The Roti Prata House
The Roti Prata House is always packed during late night and especially the weekends for those craving for *southern Indian street food cuisine. How do I know? That’s because I’ve witnessed it first hand on the few occasions I went there after my macro sessions since it is opened 24 hours during the weekends.
The Roti Prata House.
The Roti Prata House is one of the most famous and popular supper places for pratas of course! They have an extensive menu ranging from all types of crispy breads with various sweet and savoury fillings apart from the standard plain crispy layered dough. Although many deem pratas as unhealthy, I think it is okay to indulge in a couple of pieces once in a blue moon?!
This year’s Blue Moon fell on July 31, 2015. That’s the night Stanley, Steven and I went out for macro before supper. We had originally wanted to go to Casuarina Curry but The Roti Prata House was a safer bet since it was a weekend and they are open throughout the 24 hours.
A blue moon is an additional full moon that appears in a subdivision of a year: either the third of four full moons in a season, or a second full moon in a month of the common calendar.
The phrase has nothing to do with the actual colour of the moon, although a literal “blue moon” (the moon appearing with a tinge of blue) may occur in certain atmospheric conditions: e.g., when there are volcanic eruptions or when exceptionally large fires leave particles in the atmosphere. – Wikipedia
You can find out more info about Blue Moon here: http://www.timeanddate.com/astronomy/moon/blue-moon-science.html
The Roti Prata House offers an extensive menu!
This is the order chit for most Indian prata operators.
Our drinks of Teh Tarik (pulled tea with milk), Bandung (rose-flavoured drink with syrup and evaporated milk) and Iced Milo.
I was on my way to the toilet to wash up after macro session and noticed the cook.
He seemed to be very focused and I decided to catch his attention!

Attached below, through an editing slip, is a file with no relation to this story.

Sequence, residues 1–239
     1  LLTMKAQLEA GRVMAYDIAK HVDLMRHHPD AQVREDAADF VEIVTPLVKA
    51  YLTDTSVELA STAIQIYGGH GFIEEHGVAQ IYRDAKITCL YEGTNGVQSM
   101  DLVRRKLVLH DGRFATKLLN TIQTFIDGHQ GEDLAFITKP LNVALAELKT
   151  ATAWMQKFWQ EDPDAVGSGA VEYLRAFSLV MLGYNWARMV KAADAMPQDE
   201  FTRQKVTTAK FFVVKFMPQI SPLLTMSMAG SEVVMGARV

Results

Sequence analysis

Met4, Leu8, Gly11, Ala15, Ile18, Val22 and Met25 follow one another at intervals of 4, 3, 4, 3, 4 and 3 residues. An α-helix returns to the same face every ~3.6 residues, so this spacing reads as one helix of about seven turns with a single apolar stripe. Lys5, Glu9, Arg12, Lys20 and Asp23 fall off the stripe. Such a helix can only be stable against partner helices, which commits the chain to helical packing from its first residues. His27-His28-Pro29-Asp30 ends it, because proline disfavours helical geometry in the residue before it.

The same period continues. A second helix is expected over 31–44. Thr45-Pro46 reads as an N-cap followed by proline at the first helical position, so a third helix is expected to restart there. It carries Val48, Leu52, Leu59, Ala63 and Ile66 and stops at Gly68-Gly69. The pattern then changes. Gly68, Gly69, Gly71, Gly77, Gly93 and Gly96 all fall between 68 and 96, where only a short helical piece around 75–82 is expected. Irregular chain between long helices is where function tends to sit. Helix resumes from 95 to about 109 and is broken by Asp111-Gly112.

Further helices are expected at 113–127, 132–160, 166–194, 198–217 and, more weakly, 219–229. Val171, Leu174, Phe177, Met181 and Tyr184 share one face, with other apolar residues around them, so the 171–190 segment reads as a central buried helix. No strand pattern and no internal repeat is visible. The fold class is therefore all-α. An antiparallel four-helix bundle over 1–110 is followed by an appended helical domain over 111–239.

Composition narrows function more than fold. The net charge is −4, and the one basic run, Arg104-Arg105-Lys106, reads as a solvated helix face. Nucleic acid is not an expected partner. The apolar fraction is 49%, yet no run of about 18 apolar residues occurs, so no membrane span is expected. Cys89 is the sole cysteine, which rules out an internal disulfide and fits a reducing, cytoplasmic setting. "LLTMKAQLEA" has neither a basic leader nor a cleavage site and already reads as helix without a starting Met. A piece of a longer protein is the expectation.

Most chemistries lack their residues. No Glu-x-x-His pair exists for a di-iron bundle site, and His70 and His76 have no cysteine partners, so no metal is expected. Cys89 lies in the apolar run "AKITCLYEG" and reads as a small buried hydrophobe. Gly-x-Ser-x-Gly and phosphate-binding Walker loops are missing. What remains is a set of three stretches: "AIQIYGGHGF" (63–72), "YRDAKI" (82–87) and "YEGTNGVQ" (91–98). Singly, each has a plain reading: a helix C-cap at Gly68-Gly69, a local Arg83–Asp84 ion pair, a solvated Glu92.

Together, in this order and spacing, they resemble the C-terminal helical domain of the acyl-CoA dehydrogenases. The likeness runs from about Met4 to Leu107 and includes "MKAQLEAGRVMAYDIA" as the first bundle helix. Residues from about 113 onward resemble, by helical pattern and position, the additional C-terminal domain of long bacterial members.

I asked if it was alright for me to take pictures of him while he performed his duty and he was very friendly and obliging 🙂
See the video I did on him below.
One is never enough and usually a diner would have two pieces each when ordering the standard (plain) bread.
I had a plain (round) and another one (rectangular) with onions.
The Onion Prata had lots of chunky sliced sweet onions.
Yama had the Cheese Egg and Onion (S$3.30) which he exclaimed, “Damn shiok!”
You can eat the standard (crispy plain – 90 cents each) roti with sugar if curry is not your thingy.
Or dip a small of the bread daintily into the Dhal (curry made of lentils)…
I have friends who would dip into curry first then sugar.
Or drown the flatbread with curry like me.
No sugar! I don’t like sweet curries 🙂
Also, I prefer Fish Curry to Dhal but on both occasions, they ran out.
Jimmy had the Kway Teow Goreng which looked divine and I shall try it on my next visit I said to myself.
My first visit this year was on 21st February.
I have always equated fat with flavour which my mom and hubby would frown but roti prata is a good source of comfort food
at night all day in fact! If it’s any consolation to my mom and hub, these pratas are semi deep-fried in “Vanaspati Butter Flavour Vegetable Oil” which means nothing to them actually, lol… After discovering The Prata House, I remain a fan of their freshly cooked crispy pratas and that of course meant waiting time but it is not long or at least not at the timing I went to (after 2am).
Eating at specialty prata houses are a different experience from those of kopitiams and hawker centres unless they are very popular, most would serve you mass cooked and left on the display cabinet so that their pratas would be cold, no longer fluffy and even soggy with oily mouthfeel with each bite.